Admit your struggles, help others

My worst grades in K-12 and university were all for math classes. Algebra, trig, calc… they all made me feel stupid to a point of hopelessness. I got the basics, but as soon as things started getting abstract, I lost my grip.

I tried and tried and tried, but none of it clicked into place.

I’ve never been one to give up easily on solving problems, but I gave up on math and that steered me away from scientific fields and programming, even though I had interests in both. I got excited about the prospect of working in physics or engineering, but a little voice would always echo out from the corner of my mind telling me:

“You can’t, because you don’t have the math for it, because you’re stupid.”

I never stopped reading about science though. If I couldn’t be a physicist, I would enjoy what I could from the periphery. Past articles and topical books, I also read biographies of scientists, one of which ended up changing my life.

Richard Feynman

I was well into my 20s when I picked up a copy of “Surely You’re Joking, Mr. Feynman!“, which is actually more of a collection of transcribed stories than a biography. Feynman was an interesting personality, so different from any other scientist I’d read about. I snapped up every book I could find about him.

He worked on the Manhattan Project and built the foundation for a wide swath of modern quantum physics. He also played bongos, experimented with LSD, and sat around strip clubs drawing sketches of dancers.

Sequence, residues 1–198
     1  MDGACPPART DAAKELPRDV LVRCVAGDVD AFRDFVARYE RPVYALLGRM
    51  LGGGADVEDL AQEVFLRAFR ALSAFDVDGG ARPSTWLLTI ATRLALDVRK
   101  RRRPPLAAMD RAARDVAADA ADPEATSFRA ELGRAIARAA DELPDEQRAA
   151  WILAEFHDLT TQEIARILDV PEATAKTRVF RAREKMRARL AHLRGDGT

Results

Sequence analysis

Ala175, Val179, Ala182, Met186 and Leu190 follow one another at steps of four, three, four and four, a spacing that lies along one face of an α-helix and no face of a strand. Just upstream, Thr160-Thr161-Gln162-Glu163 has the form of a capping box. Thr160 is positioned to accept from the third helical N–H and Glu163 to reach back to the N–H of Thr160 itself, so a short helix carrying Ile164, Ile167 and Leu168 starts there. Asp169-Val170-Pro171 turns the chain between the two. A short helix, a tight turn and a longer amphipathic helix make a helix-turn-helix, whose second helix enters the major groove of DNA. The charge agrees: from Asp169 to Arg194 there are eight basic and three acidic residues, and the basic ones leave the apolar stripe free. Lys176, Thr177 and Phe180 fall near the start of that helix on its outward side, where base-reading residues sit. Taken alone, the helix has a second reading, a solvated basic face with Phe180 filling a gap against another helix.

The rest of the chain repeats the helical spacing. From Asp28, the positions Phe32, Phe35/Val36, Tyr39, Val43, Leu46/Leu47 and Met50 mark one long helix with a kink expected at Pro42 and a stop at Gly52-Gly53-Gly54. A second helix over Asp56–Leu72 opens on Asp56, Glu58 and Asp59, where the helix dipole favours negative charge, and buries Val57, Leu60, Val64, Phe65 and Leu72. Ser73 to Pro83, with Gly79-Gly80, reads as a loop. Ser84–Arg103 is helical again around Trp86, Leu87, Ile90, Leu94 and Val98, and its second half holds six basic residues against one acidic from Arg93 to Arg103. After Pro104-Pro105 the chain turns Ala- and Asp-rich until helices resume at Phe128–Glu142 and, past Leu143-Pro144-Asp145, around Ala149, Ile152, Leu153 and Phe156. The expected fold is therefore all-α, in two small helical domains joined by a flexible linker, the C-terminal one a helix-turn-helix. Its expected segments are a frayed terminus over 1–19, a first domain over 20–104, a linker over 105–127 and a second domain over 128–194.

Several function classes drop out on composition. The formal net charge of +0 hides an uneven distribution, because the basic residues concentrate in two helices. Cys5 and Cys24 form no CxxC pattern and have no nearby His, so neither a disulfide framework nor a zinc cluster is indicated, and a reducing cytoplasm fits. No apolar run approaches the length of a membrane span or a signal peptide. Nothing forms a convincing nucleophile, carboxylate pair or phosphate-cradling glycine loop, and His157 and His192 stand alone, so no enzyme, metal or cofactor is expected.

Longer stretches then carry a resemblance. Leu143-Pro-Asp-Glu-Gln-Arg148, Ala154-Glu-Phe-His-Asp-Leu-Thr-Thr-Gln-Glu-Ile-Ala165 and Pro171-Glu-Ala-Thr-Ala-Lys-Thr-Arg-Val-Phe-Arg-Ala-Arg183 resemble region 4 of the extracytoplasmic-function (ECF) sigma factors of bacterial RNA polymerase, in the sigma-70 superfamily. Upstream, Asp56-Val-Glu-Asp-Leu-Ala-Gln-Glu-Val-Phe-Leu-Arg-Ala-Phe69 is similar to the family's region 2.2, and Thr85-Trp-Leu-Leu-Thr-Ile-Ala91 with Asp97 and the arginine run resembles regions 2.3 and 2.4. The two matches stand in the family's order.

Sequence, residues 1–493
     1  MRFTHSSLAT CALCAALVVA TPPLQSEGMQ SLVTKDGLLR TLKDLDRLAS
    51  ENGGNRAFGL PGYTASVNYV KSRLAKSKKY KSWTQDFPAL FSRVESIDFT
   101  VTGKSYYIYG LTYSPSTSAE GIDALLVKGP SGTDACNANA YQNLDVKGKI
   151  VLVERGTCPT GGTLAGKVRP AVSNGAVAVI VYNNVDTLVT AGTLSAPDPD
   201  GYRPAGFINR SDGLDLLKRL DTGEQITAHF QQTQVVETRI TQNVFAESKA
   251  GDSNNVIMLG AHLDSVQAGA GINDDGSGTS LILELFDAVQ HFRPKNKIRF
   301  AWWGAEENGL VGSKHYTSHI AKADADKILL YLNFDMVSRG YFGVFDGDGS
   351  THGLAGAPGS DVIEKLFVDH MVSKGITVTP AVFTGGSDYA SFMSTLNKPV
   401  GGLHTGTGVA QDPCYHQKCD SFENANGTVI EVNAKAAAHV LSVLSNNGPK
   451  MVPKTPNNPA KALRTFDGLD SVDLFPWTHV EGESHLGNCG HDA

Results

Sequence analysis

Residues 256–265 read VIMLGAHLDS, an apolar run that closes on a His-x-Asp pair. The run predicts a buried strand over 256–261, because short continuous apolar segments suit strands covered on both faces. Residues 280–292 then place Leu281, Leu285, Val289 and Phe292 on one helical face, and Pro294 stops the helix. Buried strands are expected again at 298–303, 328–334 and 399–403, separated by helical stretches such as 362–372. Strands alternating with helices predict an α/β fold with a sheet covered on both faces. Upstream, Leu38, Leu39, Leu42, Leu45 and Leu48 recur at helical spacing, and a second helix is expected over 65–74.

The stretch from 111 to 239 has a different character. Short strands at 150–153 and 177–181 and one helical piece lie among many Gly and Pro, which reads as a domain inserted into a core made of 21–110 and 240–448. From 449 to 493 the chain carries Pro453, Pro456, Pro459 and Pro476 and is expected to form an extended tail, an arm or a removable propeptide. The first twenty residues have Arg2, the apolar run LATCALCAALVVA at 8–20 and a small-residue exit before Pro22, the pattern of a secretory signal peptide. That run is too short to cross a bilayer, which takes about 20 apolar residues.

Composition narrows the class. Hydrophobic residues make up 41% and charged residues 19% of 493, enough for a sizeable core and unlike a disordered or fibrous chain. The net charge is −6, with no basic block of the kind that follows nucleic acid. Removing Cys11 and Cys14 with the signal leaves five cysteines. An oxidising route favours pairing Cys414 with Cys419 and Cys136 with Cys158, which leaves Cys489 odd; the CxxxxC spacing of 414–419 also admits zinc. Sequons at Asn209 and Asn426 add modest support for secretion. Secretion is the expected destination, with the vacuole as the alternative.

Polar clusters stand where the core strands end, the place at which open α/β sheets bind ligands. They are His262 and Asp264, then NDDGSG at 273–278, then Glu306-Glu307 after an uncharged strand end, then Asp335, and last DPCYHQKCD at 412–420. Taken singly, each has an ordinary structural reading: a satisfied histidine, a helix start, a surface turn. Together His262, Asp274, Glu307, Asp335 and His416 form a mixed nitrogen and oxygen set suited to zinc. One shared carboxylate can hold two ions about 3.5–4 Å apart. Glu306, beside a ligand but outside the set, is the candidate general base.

Past all that, his approach to math was completely new to me. He intuited and guesstimated, refining once he was in range of the answer. It was a weirdly physical approach to math that lined up with the way my grandfather (a country carpenter with a 5th grade education) worked out building a house.

I focused my reading and found out it’s the way a lot of mathematicians and physicists approach math, I’d just never put it together before.  The New Math I grew up on and that was hammered into my head simply didn’t fit the way my brain worked.

Feynman’s method of estimation and refinement did.

So happy I could cry

Suddenly, a new world felt open to me. I threw myself into Khan Academy‘s math courses, starting with the 1st grade level and blazing through each into college level calculus.

“It makes sense! It makes sense! It makes sense!!!!!!!”

With my new toolset, I could make sense of all of it and swelled with a new confidence. I started doing math problems for fun, filling notebooks with tiny scribbled numbers.

I also dove into programming, pivoting my career as a sysadmin towards automation and orchestration. It was frustrating at first, not because it was difficult, but because learning to program didn’t require nearly the level of math I thought I needed to get started. Fear of math had been an unnecessary roadblock.